Thursday

21st Feb 2019

Economy, refugees on voters' minds in Croatia

  • HDZ billboard in Zagreb (Photo: Tihana Lohinski)

The economy, and, to a lesser extent, the migrant crisis, are big issues in Croatia’s narrowly-fought election on Sunday (8 November).

Opinion polls, for instance, by Promocija Plus in October, or by Ipsos and Nova TV last week, say there’s just 1 percent or so difference between the incumbent, SDP-led coalition of PM Zoran Milanovic and the HDZ-led group of Tomislav Karamarko.

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The centre-left SDP and the centre-right HDZ parties have rotated in power over recent years.

This time round is unlikely to be different, with smaller factions, such as OraH, Most, Zivi zid, Milan Bandic 365 and the Successful Croatia coalition, hoping, at best, to each return a handful of MPs.

The SDP, which is running under the banner “Croatia is growing,” says that, in the aftermath of the economic crisis, GDP will expand by 1.5 percent this year

"We're being realistic. We make our promises come true. We don't make false promises. Our economic policy is shown to be effective, realistic,” Boris Lalovac, the SDP finance minister, said, in a swipe at HDZ’s promise of 5 percent growth.

HDZ, which fell from grace in a corruption scandal in 2011, and who’s former PM, Ivo Sanader, is behind bars pending trial, is running under the “Patriotic coalition” slogan.

Its manifesto consists of “economic growth, sustainable development, and employment.”

Karamarko has also attacked Milanovic on the issue of Croatia’s increasing debt.

"We won’t forgive them the more than 100,000 Croats who left the country in the last three and a half years. We won’t forgive the more than 100,000 extinguished workplaces, incompetence, neglect … 270,000 [people] unemployed,” Karamarko said.

Refugees

Croatia's handling of the refugee crisis, with tens of thousands of people entering the country en route to Germany in September and October, is also on voters’ minds.

For Zarko Puhovski, a Croatian political analyst, SDP and HDZ both tried to exploit the situation for political gain, but both failed.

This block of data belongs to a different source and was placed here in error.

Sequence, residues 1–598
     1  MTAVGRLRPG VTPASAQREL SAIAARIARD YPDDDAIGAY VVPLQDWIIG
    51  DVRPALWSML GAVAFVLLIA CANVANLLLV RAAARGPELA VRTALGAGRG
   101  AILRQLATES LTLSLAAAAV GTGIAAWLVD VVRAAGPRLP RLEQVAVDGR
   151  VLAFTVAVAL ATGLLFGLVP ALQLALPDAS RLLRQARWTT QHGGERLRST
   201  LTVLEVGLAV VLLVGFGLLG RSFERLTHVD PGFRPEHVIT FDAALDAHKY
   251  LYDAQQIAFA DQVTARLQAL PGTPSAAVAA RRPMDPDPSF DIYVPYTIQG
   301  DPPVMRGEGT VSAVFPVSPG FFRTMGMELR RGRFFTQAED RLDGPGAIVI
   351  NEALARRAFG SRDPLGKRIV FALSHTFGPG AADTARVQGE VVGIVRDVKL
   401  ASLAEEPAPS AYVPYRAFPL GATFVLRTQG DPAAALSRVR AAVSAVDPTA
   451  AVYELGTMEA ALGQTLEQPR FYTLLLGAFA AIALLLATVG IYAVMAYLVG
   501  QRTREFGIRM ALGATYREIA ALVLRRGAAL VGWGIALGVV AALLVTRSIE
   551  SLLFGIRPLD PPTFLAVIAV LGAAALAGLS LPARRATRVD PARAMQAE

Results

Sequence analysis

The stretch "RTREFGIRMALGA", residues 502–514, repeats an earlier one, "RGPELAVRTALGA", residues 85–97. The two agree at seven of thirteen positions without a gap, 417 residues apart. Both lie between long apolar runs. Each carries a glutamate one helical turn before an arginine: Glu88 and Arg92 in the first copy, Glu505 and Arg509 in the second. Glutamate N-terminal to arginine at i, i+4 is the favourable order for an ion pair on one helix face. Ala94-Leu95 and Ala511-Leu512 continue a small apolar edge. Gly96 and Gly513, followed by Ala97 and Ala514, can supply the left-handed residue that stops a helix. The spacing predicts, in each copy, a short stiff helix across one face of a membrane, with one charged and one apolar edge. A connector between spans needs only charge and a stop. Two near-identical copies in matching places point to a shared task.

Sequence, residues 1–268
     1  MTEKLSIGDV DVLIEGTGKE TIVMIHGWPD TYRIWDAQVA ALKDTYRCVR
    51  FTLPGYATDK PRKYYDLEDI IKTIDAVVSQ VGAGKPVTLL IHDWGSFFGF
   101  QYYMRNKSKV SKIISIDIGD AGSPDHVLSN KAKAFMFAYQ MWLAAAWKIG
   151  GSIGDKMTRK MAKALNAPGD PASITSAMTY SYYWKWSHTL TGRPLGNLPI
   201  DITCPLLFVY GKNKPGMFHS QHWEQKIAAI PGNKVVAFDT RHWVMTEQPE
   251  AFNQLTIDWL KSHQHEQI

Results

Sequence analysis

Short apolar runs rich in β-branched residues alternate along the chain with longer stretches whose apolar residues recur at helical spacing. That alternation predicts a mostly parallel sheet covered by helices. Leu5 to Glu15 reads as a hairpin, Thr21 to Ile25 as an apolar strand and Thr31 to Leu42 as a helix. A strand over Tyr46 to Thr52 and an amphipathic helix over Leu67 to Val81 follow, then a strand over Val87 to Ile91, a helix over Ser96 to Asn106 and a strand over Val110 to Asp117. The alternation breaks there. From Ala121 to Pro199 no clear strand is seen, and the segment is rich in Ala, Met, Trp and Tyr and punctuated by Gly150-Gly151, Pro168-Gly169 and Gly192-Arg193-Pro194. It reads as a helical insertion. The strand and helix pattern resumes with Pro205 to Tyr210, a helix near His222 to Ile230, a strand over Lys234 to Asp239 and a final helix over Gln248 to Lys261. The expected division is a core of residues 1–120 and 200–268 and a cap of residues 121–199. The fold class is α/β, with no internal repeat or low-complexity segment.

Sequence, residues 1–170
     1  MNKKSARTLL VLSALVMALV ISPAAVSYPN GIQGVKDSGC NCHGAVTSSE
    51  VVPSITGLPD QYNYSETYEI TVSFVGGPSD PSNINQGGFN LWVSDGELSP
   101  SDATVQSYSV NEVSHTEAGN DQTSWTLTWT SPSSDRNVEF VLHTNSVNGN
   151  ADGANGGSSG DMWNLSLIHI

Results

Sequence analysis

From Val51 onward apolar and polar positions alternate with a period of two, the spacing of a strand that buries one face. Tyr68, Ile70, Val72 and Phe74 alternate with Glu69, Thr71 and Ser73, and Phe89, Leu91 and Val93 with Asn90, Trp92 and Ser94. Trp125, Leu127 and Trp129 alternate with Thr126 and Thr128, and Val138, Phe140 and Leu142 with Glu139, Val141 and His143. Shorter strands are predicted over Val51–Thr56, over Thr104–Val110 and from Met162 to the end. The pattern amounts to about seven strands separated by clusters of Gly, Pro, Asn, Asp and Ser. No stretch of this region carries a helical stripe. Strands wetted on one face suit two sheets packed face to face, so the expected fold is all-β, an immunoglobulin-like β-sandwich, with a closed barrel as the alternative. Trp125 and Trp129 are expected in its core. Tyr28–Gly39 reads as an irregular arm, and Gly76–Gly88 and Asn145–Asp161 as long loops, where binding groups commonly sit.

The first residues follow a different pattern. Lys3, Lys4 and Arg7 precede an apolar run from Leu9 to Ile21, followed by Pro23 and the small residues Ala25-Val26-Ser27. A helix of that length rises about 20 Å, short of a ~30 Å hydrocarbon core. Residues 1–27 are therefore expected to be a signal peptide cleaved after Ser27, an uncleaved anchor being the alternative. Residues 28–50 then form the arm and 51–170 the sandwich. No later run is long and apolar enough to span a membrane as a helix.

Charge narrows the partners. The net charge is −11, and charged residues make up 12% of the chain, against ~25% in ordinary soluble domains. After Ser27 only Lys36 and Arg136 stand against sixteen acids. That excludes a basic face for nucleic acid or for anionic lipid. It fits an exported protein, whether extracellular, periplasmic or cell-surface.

The SDP attacked Germany for its open doors policy. It also attacked Hungary, for sealing its borders, and Serbia, for waving people into Croatia. But Puhovski says it “didn’t help [them] much.”

The HDZ defended Germany and Serbia, bu they did it an “unskillful” and “awkward” way.

The German leader, Angela Merkel, later shifted her policy closer to the SDP, and the migrants' main transit route shifted to Slovenia.

“The crisis is no longer the main concern in the country … There are no longer any major differences between the two coalitions, which makes the campaign rather boring,” Puhovski noted.

In total, 4.5 million Croatians are entitled to vote - 3.8 million inside Croatia, and the rest from the diaspora, which is scattered in 48 different countries.

Apathy

But for Berto Salaj, a political scientist at the University of Zagreb, Sunday will make little difference to people’s lives.

He said the de facto HDZ-SDP duopoly is “bad for Croatia” because it generates political apathy and clanish voting.

“In a situation where almost 40 percent of people don't even go to the polls, they [HDZ and SDP] can count on the support of their traditional voters no matter what happens,” Salaj said.

Puhovski added that the narrow margin between HDZ and SDP is likely to make Sunday’s result inconclusive.

“The real race [for power] will actually begin on Monday, 9 November, after the results are announced,” he said.

“If HDZ wins, but with a small margin, it might not be enough to form a government.”

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